as-yet unpublished articles or reports, and a Bristol Online Survey publicised via social
media, society newsletters and meetings.
Literature review eligibility criteria
Records were screened for eligibility using a three-stage process. Firstly, keyword searches
identified obviously irrelevant titles. Secondly, titles and abstracts were screened against the
eligibility criteria, following which full-text copies of papers were obtained and, in the third
stage of screening, examined against the criteria. Two independent reviewers screened
each record at each stage, with discrepancies referred to a third reviewer.
Eligibility criteria were pre-specified and agreed by the project Steering Group (Section 1.6).
Eligible records included: studies involving technologies, new to the NDNS RP, which can be
used to automate or assist the collection of food consumption data and the coding of foods
and portion sizes, currently available or beta versions, public domain or commercial; studies
that address the development, features, or evaluation of new technology; technologies
appropriate for the requirements of the NDNS RP in terms of nutritional analysis, with
capacity to collect quantifiable consumption data at the food level; primary sources of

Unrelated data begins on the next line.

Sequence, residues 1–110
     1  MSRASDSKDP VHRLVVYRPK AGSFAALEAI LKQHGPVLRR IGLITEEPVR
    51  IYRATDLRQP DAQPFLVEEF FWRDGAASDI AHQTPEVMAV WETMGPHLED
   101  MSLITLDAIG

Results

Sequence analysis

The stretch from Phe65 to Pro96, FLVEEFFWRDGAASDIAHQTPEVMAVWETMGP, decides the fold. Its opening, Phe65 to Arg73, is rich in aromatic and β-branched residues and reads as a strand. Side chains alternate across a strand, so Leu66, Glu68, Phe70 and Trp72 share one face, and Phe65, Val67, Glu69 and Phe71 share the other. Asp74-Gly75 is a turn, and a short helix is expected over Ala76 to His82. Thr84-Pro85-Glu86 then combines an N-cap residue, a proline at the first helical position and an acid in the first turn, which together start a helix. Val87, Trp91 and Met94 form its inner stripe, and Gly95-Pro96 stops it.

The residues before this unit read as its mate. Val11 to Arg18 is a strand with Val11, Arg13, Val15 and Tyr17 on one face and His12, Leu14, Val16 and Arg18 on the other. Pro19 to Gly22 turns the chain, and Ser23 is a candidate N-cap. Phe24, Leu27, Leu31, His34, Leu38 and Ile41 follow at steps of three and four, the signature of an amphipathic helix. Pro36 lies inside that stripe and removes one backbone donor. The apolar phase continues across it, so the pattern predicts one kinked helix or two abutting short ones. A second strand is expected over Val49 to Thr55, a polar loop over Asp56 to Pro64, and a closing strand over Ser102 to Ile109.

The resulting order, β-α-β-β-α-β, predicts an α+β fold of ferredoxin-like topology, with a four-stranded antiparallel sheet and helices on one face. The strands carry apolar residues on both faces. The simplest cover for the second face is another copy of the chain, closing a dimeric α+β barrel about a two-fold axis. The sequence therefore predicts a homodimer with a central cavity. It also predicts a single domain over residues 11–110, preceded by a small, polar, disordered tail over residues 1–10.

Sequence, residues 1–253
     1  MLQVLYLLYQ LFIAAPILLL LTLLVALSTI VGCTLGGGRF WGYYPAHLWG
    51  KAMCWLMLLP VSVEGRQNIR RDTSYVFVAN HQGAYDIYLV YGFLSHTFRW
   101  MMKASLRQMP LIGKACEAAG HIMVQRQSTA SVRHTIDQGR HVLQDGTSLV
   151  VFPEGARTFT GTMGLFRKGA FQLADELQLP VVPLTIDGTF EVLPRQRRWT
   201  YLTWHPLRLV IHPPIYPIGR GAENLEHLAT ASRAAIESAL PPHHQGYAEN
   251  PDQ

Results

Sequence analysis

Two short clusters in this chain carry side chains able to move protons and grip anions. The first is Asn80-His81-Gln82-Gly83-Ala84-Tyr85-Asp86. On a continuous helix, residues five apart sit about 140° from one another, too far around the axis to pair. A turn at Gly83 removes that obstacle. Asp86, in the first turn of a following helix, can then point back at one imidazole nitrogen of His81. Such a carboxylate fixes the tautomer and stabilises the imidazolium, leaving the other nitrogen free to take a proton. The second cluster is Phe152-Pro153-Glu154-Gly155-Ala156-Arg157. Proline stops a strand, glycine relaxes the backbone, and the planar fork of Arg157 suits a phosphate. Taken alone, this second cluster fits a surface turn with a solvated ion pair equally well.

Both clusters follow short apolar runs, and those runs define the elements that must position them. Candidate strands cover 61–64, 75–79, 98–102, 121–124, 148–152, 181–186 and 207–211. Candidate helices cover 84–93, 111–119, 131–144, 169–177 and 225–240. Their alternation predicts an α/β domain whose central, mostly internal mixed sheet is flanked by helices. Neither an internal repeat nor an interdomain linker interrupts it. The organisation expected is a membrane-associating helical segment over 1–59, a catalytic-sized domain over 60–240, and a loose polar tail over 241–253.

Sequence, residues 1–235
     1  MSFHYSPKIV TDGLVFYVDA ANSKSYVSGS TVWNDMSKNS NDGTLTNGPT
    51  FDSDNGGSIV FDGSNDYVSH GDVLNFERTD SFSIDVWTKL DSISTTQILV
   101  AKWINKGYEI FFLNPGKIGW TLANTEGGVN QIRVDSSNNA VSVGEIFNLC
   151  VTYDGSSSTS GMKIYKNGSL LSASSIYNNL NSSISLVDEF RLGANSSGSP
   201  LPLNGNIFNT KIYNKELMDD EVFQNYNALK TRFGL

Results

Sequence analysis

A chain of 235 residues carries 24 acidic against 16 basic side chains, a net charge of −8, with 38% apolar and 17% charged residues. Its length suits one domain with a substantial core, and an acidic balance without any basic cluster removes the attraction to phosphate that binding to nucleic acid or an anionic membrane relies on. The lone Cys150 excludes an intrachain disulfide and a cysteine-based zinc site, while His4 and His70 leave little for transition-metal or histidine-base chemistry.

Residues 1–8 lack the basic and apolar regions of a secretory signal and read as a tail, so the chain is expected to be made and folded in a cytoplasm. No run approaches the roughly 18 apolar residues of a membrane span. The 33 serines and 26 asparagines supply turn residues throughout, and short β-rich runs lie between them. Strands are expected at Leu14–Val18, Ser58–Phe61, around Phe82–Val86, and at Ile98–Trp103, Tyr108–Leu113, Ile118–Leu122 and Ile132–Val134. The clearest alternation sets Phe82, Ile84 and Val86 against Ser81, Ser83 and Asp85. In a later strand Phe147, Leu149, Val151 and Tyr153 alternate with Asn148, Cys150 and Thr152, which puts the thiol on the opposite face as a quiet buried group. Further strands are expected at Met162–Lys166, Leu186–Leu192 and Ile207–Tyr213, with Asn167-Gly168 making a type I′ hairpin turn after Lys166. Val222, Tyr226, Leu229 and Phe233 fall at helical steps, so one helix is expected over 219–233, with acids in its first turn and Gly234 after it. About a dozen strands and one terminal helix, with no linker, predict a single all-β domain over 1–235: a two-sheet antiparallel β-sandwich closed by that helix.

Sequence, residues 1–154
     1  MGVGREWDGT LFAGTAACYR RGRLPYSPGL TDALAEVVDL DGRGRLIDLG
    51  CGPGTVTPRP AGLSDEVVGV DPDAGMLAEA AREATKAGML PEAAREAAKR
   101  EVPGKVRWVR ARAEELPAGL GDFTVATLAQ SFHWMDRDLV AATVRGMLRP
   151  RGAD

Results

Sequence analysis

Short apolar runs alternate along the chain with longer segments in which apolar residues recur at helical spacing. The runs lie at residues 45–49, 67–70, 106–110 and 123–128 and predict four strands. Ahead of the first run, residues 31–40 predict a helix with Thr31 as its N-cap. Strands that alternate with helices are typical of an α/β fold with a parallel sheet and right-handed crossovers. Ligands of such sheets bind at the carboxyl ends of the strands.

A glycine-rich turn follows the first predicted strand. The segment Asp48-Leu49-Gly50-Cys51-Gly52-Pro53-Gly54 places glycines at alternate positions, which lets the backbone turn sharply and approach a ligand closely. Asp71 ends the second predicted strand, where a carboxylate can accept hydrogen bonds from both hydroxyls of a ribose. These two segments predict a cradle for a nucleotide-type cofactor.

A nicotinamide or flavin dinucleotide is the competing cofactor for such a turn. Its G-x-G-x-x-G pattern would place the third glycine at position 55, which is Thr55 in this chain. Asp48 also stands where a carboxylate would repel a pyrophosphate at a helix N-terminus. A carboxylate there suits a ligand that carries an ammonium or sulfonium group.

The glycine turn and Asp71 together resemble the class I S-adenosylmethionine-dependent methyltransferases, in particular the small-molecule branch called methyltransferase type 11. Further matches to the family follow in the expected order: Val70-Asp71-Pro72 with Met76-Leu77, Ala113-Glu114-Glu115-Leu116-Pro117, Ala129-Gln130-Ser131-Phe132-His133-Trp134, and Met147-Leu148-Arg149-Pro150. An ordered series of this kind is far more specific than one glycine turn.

information on a particular technology; and journal articles published since the year 2000 or
grey literature available from 2011 onwards. The literature search was not limited to Englishlanguage
publications, which are included in the itinerary, although data were not extracted
from non-English studies.
Literature synthesis and appraisal
New technologies were categorised into eleven types of technology, and an itinerary was
generated of tools falling under each category type. Due to the volume of eligible studies
identified by the literature searches, data extraction was limited to the literature focussing on
selected exemplar tools of five technology categories (web-based diet diary, web-based 24-
hour recall, handheld devices (personal digital assistants and mobile phones), nonautomated
cameras to complement traditional methods, and non-automated cameras to
replace traditional methods). For each category, at least two exemplars were chosen, and all
studies involving the exemplar were included in data extraction and synthesis. Exemplars
were selected on the basis of breadth of evidence available, using pre-specified criteria
agreed by the Steering Group.
Data were extracted by a single reviewer and an evidence summary collated for each
exemplar. A quality appraisal checklist was developed to assess the quality of validation
studies. The checklist was piloted and applied by two independent reviewers. Studies were
not excluded on the basis of quality, but study quality was taken into account when judging
the strength of evidence. Due to the heterogeneity of the literature, meta-analyses were not
References were managed and screened using the EPPI Reviewer 4 systematic review
software. EPPI Reviewer was also used to extract data.

Keywords:Nutrition, Public Health, Health Surveys, Technology, dietary intake, bmjconvert
Subjects:B Subjects allied to Medicine > B400 Nutrition
Divisions:College of Social Science > School of Sport and Exercise Science
ID Code:23781
Deposited On:25 Aug 2016 19:22

Repository Staff Only: item control page